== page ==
It was written by Marc Gebhard of Dallas and posted here with his permission. You can read more reviews here.

Warnings is the perfect gift for Mom or for the graduate who is interested in weather or just a good non-fiction book. It is uplifting and fun to read.

I am also very proud of my book When the Sirens Were Silent, I do not recommend it as a gift unless you wish to pre-load it on a gift Kindle or Nook (Sirens sold out of the paper version within a few months of its release) and the giftee loves reading about tornadoes. Unlike Warnings, story about the failures of the warning system in the worst tornado in 50+ years is not a happy one.

The Anniversary of Another Tornado Outbreak

On May 3, 1999, there was a huge tornado outbreak in Kansas and Oklahoma. As if any more evidence was needed, it completely validated the National Weather Service's modernization efforts that began in the early and mid-1990s. The warnings would not have been anywhere near as good without the improved technology and training.

One of the most important pieces of data to come from that outbreak was the measurement of a 301 mph wind from mobile Doppler radar near Bridge Creek, Oklahoma.

For more on the Oklahoma storms, click here.

The Wichita NWS is "replaying" the Andover tornado today (scroll down), so they published this map of the three tornado tracks rather than a formal web page.
Then-WeatherData, Inc.'s (now AccuWeather Enterprise Solutions) Jeff House intercepted the tornado in Sumner County (south of Wichita) and his reports were helpful in getting the warnings out. This was especially true since the NWS Wichita radar failed during the storm. Because of the modernization, the radar from Vance, AFB, Oklahoma, still covered the southern Kansas region with high-quality data. One of the goals of the modernization was overlapping coverage for many areas.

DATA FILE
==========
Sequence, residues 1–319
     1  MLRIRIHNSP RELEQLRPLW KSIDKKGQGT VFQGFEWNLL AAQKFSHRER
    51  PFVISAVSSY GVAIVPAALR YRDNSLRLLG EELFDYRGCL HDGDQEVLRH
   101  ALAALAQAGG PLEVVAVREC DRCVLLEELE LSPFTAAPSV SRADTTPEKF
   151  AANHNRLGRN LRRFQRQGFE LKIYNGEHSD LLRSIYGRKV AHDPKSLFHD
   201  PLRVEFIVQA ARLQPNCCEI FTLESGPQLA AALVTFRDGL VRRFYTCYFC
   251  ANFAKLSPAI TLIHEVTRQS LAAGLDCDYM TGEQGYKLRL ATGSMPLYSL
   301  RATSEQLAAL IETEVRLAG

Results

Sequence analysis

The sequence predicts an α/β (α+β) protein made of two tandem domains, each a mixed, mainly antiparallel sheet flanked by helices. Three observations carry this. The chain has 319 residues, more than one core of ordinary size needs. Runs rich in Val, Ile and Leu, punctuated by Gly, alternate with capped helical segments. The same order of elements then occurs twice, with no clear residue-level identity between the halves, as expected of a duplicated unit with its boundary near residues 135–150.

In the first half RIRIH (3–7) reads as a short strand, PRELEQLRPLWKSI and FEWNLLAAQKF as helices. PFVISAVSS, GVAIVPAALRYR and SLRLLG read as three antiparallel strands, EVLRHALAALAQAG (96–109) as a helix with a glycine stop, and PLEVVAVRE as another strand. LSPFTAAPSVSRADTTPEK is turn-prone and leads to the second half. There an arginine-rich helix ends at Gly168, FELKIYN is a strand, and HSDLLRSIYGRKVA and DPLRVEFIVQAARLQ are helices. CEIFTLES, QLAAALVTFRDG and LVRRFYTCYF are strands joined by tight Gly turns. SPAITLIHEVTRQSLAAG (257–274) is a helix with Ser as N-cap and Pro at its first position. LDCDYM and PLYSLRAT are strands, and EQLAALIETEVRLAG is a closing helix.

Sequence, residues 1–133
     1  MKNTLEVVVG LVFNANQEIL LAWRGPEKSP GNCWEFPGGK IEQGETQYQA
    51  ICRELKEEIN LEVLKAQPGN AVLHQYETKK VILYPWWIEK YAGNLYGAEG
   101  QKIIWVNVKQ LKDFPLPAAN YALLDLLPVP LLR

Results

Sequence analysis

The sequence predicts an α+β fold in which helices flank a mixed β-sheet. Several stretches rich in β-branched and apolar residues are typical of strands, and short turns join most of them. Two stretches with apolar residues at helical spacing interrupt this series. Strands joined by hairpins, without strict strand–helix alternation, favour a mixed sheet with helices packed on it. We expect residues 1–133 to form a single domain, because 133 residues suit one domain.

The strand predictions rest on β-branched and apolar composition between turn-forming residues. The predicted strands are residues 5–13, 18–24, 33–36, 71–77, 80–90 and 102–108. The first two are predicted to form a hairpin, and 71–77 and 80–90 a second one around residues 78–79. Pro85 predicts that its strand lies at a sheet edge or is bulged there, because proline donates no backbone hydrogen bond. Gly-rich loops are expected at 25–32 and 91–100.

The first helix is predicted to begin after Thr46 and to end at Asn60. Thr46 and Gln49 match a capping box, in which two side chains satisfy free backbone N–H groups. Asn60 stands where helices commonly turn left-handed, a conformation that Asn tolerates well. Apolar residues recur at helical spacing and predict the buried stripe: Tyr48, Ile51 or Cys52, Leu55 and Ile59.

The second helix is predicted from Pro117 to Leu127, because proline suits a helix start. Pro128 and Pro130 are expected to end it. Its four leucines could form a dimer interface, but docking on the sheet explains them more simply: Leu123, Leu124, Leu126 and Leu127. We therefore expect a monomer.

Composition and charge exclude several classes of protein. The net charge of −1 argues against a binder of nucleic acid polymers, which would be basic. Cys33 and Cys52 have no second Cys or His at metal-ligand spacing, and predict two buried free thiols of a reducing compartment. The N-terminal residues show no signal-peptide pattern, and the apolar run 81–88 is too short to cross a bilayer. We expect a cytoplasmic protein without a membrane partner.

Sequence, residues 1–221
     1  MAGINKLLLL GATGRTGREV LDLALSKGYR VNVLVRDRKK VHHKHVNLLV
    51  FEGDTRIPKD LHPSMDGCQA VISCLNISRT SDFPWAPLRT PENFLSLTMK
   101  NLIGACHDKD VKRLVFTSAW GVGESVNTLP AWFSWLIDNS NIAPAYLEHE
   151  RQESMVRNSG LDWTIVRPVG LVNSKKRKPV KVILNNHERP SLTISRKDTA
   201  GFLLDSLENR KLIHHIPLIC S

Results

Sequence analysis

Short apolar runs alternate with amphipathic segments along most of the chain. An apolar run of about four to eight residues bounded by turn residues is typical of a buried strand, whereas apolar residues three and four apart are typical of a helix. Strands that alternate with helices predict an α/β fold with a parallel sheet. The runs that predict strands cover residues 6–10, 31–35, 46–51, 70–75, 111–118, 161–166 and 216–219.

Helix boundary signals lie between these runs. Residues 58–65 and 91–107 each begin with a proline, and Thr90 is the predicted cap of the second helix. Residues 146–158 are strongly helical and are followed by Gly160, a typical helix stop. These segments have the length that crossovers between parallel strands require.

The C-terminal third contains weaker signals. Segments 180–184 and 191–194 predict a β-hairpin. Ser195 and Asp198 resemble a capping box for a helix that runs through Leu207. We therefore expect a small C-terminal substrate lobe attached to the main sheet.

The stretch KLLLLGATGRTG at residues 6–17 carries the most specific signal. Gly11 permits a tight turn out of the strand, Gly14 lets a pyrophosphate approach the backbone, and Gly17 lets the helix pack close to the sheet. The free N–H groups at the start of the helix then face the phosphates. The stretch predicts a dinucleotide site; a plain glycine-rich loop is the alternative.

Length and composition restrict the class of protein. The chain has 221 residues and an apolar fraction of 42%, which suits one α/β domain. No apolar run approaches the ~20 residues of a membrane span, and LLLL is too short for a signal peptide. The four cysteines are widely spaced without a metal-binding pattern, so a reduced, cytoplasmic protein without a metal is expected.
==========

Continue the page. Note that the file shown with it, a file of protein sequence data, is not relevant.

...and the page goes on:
To Prevent Confusion...

...this is NOT the commemoration of the Andover tornado from last week that had to be cancelled.

The Andover commemoration was cancelled as we felt the moment had passed for it. For those who have emailed me, my script for the Andover commemoration is here.

And, since it is May 3, happy birthday to my Dad and to Frankie Valli of the Four Seasons!!

Turn Around, Don't Drown!

Just Friday evening, five in Texas lost their lives when a car drove into a flooded area. Sixty-one have died in Texas in flash flooding since April, 2015. The vast majority were in automobiles.

Via Facebook comes this brief video of why you should not drive across a road with flowing water, regardless of depth. Turn around, don't drown!

Monday, May 2, 2016

Rainfall Next Seven Days

A Threat to America's Food Supply

We spoiled Americans too often think our food "comes from the grocery store." Here is a well written story from the New York Times about a threat to our food supply.

Saturday, April 30, 2016

And, They'll Probably Send Astronauts to the Sun at Night

An Air Traffic Controller's Nightmare

Tuesday evening, 26th, the night when more tornadoes were forecast than actually occurred, was an air traffic controller's nightmare. This, via Twitter, is a snapshot of the flights headed to and out of Los Angeles International Airport. All of them are having to go around the complex of thunderstorms in the Great Plains. The few flights in the middle are going to other airports in the region.

Friday, April 29, 2016

Oklahoma Supercell

There is a tremendous supercell south of Chickasha, Oklahoma, that has been trying to generate a large tornado with only partial success.
It has just crossed U.S. 81. The storm is moving ENE. Tornado watch continues for the region.

Third Tornado Watch

A third tornado watch for Oklahoma and the area around Wichita Falls, Texas. Also, until 10pm.

Tornado Watch: Ark-La-Tex

This watch is in effect until 10pm.